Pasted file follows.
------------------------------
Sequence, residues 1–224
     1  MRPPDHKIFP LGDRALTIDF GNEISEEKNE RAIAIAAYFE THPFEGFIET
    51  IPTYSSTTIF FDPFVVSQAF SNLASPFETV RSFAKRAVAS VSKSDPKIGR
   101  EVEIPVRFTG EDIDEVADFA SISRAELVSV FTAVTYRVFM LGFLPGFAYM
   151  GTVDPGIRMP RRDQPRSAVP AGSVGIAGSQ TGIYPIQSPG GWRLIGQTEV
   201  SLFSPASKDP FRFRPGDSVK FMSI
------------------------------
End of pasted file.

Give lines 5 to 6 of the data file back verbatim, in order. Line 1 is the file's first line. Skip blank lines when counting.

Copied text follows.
   151  GTVDPGIRMP RRDQPRSAVP AGSVGIAGSQ TGIYPIQSPG GWRLIGQTEV
   201  SLFSPASKDP FRFRPGDSVK FMSI